Through the 1980s, 1990s and even in the early 2000s a special occasion in Penrith called for a night out at the Beef and Barramundi restaurant at Tench Reserve.
It was an unattractive brick box that made very little use of its excellent position by the Nepean River, but the food was delicious and the atmosphere welcoming.
Very often lunch and dinner conversations would quickly turn to the need for more eateries by the river to help bring Penrith in to line with the growing restaurant scene in nearby Parramatta, but it was all too hard and nobody was able to make it happen.
It would take until a couple of years ago for hands to go up and shovels to go in the ground, resulting in the stunning and super-popular East Bank precinct by the river where the Barra once stood.
When I become Editor of the Western Weekender in 2009, I was told the biggest issue in town was this ongoing talk of a new airport at Badgerys Creek, revived after on-again, off-again plans over many decades.
“But don’t worry,” a leading politician said over a coffee. “It’ll never happen in our lifetime”.
I even wrote a column at the time suggesting I’d be in a grave before the first plane took off from Badgerys.
Fast forward to 2021 and it’s full steam ahead for Western Sydney Airport, which will open in 2026 and has resulted in an unprecedented infrastructure spend across our region.
Governments and business groups fiddled around for years but it was then Prime Minister Tony Abbott who finally gave Badgerys Creek the green light in 2014. It could be his greatest legacy.
Meantime I’m fighting a battle to not be the first person buried at the on-again, off-again Wallacia cemetery given what I wrote 12 years ago.
Penrith has very much become a city of doers rather than dreamers.
Right now there is a tremendous mix of experience and youth in the development and business game, bringing Penrith to the fore as one of the most exciting regions in the country.
It is a city where big players and outsiders are welcome but the little guy, the local guy, will always come out on top.
Right now many of the new restaurants and entertainment venues you’re seeing pop up around town are being opened by truly local people; part of a generation that used to travel to Parramatta or the city on a Friday and Saturday night and now believe the next generation deserves to have it all close to home.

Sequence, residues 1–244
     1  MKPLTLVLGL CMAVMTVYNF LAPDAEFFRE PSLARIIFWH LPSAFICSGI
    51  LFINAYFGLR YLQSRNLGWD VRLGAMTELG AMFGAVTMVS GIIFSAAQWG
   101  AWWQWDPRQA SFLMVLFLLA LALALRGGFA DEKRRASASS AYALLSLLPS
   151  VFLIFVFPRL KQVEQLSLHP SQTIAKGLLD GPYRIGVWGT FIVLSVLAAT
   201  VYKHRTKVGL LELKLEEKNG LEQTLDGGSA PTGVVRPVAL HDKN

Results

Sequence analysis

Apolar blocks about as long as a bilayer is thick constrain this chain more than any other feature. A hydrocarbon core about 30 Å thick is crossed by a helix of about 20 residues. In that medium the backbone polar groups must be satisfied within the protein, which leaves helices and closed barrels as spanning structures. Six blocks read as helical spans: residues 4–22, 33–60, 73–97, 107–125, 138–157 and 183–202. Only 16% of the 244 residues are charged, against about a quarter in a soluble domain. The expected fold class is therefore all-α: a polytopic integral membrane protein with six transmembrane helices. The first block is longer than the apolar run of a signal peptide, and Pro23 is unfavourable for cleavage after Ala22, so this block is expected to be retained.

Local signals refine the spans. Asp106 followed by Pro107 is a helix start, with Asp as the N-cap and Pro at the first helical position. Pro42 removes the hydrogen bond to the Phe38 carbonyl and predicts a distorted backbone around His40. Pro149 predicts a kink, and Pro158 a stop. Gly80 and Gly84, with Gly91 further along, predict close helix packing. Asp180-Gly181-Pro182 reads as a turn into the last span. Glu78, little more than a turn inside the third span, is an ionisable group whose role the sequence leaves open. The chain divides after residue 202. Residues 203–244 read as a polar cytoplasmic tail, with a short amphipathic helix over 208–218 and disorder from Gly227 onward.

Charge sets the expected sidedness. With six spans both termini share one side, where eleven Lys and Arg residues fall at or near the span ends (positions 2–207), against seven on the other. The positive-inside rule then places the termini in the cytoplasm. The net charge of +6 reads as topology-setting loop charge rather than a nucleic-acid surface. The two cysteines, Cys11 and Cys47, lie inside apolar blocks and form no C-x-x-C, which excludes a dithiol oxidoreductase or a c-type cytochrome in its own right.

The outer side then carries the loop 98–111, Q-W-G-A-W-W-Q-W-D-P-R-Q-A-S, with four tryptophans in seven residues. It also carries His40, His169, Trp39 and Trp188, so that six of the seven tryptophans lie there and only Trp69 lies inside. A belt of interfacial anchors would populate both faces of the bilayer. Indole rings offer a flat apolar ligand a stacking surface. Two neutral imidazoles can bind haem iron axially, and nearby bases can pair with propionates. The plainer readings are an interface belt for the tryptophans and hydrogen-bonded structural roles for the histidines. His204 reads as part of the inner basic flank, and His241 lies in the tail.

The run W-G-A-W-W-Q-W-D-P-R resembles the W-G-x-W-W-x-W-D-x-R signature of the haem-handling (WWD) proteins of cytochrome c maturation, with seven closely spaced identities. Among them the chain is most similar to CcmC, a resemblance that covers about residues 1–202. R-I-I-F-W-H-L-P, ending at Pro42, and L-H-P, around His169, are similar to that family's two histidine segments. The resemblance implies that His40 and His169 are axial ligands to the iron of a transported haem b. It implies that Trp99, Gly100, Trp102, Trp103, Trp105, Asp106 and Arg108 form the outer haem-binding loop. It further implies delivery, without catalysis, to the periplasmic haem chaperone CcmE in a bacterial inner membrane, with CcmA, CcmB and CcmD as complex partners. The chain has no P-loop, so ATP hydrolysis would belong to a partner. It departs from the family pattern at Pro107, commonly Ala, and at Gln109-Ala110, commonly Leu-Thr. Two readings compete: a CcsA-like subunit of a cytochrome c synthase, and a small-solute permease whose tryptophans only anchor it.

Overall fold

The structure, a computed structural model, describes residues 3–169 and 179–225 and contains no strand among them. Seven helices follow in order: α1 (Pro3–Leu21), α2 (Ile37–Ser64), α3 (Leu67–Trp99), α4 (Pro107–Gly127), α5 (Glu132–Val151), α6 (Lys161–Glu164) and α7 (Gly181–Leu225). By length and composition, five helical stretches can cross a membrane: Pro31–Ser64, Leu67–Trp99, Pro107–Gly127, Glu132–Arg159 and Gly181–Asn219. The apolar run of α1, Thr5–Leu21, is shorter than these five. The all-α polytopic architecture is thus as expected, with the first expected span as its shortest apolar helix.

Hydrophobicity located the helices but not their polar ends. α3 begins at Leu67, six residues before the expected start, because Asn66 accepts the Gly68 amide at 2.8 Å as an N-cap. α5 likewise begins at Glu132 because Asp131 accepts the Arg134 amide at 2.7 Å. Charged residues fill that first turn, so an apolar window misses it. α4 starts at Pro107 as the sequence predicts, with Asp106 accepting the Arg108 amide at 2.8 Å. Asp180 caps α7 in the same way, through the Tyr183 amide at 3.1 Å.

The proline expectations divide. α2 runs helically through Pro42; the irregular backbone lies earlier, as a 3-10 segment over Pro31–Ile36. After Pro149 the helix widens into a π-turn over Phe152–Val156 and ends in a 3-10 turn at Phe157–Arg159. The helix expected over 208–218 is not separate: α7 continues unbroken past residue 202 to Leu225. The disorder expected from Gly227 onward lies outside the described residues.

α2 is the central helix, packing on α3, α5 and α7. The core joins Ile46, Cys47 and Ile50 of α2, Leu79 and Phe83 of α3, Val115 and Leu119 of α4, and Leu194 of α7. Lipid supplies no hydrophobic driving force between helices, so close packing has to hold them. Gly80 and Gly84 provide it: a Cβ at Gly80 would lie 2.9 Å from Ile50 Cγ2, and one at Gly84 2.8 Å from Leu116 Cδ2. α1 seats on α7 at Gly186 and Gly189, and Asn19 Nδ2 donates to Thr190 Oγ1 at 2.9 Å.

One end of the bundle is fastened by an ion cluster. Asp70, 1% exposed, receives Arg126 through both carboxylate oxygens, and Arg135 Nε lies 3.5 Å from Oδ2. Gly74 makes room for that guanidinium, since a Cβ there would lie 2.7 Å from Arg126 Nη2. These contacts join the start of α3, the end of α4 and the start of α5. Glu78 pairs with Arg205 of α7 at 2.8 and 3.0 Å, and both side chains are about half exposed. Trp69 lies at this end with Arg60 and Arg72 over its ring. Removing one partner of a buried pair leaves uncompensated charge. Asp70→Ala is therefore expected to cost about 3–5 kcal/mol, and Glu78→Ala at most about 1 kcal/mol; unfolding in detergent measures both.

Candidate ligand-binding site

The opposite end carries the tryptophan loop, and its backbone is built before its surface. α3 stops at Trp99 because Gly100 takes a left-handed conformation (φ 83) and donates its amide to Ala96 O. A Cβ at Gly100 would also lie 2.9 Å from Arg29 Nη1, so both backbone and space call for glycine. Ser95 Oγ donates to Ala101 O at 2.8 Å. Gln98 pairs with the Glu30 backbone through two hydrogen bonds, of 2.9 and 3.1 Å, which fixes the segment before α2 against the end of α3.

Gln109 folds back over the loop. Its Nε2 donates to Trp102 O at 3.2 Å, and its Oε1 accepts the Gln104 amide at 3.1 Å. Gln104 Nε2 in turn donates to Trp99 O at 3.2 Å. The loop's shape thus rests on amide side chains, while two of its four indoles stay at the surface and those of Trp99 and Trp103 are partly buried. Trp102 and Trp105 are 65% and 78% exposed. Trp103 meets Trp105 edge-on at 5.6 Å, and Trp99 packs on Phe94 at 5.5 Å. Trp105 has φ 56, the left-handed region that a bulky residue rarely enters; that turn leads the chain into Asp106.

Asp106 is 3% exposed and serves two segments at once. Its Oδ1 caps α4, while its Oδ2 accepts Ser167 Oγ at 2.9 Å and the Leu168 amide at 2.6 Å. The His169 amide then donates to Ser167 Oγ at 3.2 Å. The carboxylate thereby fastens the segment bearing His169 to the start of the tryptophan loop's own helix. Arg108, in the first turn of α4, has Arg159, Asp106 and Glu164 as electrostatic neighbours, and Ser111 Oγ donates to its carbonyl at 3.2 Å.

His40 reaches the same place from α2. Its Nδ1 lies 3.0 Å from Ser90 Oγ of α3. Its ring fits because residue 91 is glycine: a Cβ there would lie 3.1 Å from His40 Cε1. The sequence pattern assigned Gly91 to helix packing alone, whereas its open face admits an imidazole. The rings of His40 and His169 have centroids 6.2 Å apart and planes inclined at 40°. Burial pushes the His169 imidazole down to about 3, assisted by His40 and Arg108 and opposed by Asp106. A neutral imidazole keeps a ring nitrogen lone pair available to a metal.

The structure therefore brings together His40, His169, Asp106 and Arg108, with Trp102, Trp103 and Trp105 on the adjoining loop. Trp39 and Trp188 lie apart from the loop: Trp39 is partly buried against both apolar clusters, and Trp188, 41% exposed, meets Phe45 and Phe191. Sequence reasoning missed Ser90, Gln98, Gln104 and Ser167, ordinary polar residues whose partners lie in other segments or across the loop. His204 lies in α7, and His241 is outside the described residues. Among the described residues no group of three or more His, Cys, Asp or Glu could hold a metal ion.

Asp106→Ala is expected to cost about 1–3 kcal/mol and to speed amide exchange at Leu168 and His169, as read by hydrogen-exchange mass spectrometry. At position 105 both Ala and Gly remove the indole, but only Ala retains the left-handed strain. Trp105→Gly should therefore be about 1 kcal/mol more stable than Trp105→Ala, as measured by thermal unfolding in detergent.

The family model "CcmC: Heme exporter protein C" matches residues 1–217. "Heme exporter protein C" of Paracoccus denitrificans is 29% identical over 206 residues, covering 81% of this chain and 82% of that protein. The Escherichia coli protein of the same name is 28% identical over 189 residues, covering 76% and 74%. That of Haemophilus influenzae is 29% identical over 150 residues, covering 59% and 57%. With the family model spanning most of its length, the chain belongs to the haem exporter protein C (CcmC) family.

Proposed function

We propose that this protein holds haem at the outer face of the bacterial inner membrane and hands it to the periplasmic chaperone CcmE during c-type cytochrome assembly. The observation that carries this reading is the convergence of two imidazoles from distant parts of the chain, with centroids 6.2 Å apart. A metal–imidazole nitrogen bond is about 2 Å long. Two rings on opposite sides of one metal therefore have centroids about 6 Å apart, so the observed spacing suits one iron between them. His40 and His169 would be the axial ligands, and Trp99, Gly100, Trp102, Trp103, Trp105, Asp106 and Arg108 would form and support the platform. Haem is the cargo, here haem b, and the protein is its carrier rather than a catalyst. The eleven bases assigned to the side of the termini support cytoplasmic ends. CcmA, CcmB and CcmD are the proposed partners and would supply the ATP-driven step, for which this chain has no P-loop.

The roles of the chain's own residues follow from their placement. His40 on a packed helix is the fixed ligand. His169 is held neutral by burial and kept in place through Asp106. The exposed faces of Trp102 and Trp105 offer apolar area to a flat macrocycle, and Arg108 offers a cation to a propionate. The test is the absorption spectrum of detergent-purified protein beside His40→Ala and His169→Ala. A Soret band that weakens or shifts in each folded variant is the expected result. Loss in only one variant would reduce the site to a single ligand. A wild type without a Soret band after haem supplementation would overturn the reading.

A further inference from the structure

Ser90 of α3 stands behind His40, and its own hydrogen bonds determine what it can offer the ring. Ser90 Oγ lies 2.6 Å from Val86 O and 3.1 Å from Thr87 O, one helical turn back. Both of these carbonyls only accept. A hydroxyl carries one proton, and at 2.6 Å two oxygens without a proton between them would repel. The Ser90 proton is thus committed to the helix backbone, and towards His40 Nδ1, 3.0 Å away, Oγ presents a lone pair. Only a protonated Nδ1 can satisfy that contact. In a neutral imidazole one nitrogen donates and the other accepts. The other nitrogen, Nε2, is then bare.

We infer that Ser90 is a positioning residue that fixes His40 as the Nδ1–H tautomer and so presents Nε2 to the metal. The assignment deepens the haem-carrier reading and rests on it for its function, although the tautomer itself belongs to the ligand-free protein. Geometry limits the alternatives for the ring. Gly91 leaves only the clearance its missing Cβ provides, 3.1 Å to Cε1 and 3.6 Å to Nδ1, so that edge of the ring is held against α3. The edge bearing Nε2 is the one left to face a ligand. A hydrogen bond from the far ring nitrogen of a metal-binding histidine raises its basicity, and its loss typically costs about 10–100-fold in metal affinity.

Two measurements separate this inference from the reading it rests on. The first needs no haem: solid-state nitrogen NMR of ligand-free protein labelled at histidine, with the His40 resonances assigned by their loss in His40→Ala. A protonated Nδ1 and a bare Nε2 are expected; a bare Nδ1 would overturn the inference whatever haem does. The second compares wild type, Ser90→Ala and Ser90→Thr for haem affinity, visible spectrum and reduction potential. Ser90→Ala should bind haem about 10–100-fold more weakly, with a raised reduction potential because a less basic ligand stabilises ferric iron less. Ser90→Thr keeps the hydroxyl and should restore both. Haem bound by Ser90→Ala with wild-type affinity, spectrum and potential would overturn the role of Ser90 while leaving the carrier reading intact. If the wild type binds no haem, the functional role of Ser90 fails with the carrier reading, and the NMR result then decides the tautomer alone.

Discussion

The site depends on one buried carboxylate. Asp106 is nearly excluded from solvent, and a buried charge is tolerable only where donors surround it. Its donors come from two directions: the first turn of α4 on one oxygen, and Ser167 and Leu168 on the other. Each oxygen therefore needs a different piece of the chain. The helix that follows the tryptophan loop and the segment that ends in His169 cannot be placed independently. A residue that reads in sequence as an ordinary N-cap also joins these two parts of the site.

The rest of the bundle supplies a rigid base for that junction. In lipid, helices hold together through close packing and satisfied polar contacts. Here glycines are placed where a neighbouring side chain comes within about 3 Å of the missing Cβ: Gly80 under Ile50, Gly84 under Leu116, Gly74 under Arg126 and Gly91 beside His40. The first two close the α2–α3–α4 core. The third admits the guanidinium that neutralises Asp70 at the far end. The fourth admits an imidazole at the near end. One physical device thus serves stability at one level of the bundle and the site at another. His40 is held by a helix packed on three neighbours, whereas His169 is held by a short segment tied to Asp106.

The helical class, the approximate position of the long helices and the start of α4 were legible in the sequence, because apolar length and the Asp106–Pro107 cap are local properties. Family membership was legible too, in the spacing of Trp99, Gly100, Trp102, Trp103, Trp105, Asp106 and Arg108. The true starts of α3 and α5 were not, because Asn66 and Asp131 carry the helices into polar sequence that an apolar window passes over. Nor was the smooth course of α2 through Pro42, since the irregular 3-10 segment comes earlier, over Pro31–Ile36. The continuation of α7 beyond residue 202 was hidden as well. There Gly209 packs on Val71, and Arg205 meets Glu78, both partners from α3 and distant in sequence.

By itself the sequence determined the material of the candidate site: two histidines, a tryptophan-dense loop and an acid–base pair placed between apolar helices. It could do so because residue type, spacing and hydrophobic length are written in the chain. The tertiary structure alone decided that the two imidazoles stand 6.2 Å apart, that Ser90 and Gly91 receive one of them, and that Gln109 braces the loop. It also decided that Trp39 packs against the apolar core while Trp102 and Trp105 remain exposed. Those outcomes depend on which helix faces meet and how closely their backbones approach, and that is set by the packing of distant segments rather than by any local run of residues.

It is an exciting time to be living in Penrith, though as locals we often can’t open our eyes to what is around us.
Sure, there will always be the frustration of a Saturday morning traffic jam on Mulgoa Road. A rope swing at the Nepean River isn’t quite the summer refresher of Bondi Beach, and weekend trackwork is doing its best to stop us going anywhere.
But is there anywhere you’d rather live than Penrith right now?
This is a community that backs each other, that always stands by their mate with 2750, or a close-by number, on their driver’s licence.
We experience it every day here at the Weekender and have the great privilege to be able to tell this city’s stories.
For 30-odd years the Weekender went toe-to-toe with the worldwide media juggernauts of News Corp and Fairfax.
The little paper that could outlasted them both.
That’s about as Penrith as it gets.
Perhaps it’s no surprise that in the wake of the pandemic, it has been many smaller, local businesses that have rushed back to advertise with the Weekender, living up to that ‘support local’ mantra. We have each other’s back.
A number of well-known national brands have still not returned to local advertising, preferring to spend their money with the ‘big guys’.
They just don’t get it.
And many don’t.
Penrith is unique, and if you embrace this city, you’ll forever be in its grip and likely its debt given what it’ll give back to you.
This city of doers is a mighty place to be at the moment. Just watch it thrive.
Troy Dodds is the Weekender’s Managing Editor and Senior Writer. He has more than 20 years experience as a journalist, working with some of Australia’s leading media organisations.